By Daniel Bases
NEW YORK, Sept 20 (Reuters) - Moody’s Investors Service cut Ukraine’s sovereign credit rating further into junk category on Friday and warned that more downgrades could come.
Moody’s cut the rating by one notch to Caa1 from B3, with the outlook placed on review for downgrade, as it cited concerns over a drop in foreign currency reserves, new debt issuance and potentially worsening relations with Russia.
Ukraine is rated B with a negative outlook by both Standard & Poor’s and Fitch Ratings.
“The country’s foreign-exchange reserves are already at a very low level and pressure on reserves is likely to rise due to increased domestic demand for foreign currency in the autumn and significant foreign-currency-denominated debt repayments until end-2014,” Moody’s said in a statement.
The firm also said there was downside risk to the rating from the government’s decision to issue Treasury promissory notes, “an instrument that the IMF is unlikely to favor.”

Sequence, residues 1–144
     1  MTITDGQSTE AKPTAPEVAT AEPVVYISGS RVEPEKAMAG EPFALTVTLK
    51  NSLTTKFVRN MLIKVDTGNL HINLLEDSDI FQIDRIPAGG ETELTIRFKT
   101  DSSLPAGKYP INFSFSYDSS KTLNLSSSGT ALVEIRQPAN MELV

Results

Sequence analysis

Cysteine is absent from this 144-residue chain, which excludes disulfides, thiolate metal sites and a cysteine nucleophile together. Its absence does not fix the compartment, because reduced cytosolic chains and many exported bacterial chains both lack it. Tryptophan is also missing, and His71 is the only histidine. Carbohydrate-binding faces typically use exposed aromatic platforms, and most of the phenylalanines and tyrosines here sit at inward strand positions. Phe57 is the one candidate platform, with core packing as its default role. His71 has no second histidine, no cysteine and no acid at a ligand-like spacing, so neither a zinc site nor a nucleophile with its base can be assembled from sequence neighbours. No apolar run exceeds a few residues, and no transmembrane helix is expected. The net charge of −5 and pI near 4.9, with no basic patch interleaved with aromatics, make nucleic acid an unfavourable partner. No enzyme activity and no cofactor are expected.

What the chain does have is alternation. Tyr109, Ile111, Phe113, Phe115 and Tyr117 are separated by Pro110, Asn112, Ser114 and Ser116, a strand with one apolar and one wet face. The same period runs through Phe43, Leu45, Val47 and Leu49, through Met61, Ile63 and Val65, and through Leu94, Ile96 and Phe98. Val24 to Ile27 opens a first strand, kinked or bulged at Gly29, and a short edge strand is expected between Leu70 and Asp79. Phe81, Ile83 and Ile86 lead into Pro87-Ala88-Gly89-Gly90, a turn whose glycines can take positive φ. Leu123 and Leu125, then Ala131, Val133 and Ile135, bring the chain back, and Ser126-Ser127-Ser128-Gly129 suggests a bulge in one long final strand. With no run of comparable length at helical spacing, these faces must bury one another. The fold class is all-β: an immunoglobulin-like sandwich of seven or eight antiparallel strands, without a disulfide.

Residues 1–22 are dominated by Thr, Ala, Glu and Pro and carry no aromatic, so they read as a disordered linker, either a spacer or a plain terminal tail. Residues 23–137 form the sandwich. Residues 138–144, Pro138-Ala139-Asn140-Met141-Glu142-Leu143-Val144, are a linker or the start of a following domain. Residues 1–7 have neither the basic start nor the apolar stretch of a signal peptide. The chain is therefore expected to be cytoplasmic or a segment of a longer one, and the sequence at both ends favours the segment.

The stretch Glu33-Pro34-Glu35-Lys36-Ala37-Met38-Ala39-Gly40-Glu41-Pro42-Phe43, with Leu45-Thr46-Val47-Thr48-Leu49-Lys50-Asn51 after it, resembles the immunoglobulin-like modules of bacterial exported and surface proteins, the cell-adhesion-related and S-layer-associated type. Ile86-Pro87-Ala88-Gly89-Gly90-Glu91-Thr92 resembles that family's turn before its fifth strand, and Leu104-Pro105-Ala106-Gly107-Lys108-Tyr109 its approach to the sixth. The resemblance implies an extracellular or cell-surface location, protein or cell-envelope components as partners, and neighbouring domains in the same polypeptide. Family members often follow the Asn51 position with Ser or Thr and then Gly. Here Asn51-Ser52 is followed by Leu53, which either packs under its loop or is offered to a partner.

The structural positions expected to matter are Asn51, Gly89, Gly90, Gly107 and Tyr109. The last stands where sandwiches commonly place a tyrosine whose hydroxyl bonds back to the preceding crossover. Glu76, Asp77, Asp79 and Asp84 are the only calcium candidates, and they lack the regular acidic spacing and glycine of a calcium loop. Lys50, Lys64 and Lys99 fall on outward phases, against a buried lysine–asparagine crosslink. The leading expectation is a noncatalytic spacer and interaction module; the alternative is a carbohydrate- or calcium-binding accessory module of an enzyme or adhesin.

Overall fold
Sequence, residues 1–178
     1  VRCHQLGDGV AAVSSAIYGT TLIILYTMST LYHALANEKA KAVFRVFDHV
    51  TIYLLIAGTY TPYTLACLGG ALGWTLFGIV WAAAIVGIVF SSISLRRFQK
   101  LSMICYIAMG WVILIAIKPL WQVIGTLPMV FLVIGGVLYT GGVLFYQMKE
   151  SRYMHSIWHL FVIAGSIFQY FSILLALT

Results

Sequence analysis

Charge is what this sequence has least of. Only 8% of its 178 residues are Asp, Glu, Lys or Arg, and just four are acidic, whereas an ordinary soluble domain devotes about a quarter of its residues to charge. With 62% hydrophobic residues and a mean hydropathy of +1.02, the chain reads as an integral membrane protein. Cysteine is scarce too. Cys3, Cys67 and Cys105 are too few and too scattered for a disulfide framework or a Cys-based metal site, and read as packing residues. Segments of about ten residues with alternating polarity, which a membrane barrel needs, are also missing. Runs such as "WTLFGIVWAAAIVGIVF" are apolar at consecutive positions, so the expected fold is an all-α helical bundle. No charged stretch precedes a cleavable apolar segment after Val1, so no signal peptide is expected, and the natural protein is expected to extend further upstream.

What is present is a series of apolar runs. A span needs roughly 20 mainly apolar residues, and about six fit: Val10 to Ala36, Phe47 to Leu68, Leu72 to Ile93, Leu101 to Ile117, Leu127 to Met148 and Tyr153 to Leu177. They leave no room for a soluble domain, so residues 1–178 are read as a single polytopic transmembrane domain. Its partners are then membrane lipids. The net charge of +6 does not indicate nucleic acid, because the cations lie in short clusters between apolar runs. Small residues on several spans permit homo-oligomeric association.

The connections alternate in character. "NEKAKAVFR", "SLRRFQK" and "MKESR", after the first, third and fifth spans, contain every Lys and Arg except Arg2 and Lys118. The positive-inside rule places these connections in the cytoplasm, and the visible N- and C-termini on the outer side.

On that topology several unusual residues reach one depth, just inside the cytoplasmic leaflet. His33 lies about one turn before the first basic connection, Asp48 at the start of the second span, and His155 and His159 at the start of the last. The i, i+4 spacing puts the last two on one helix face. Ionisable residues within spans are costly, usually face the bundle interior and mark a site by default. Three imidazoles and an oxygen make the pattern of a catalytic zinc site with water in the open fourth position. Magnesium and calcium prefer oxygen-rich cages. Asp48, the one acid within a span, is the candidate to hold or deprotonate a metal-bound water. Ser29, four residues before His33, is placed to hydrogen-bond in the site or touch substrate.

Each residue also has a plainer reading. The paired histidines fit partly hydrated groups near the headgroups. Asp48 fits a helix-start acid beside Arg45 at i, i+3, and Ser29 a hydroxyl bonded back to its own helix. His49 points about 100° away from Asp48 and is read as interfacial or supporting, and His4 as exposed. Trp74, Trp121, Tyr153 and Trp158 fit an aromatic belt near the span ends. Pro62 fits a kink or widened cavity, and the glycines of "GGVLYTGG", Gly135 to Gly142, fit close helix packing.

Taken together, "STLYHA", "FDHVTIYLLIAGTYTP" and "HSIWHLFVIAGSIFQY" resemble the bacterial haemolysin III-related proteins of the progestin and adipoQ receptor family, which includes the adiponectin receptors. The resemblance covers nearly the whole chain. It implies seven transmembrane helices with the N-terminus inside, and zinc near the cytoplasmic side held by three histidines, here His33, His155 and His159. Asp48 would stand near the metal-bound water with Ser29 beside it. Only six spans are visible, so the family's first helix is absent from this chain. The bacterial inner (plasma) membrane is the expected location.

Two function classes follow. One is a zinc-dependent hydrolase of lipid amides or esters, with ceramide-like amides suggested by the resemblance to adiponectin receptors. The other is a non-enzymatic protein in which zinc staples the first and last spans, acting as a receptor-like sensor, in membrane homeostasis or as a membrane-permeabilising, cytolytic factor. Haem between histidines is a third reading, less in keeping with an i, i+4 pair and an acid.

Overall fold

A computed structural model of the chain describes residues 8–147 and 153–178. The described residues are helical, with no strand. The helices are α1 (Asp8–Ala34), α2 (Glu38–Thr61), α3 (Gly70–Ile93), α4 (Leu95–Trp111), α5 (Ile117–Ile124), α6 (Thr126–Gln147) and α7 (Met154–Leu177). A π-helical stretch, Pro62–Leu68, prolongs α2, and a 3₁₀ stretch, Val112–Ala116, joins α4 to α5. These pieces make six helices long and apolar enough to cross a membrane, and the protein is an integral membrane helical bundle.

“In addition, there is discussion domestically to re-introduce a duty on non-cash foreign-exchange purchases, which was eliminated under a previous IMF program,” Moody’s said.
In addition, Moody’s cited Moscow’s disapproval of Ukraine’s discussions with the European Union to sign an Association Agreement in November.
“While Moody’s views the prospects of signing this agreement as credit positive for Ukraine in the medium-term given that it will support Ukraine’s institutions, economic and political reforms, the short-term credit negative impact of a negative reaction by Russia outweighs these benefits,” Moody’s said.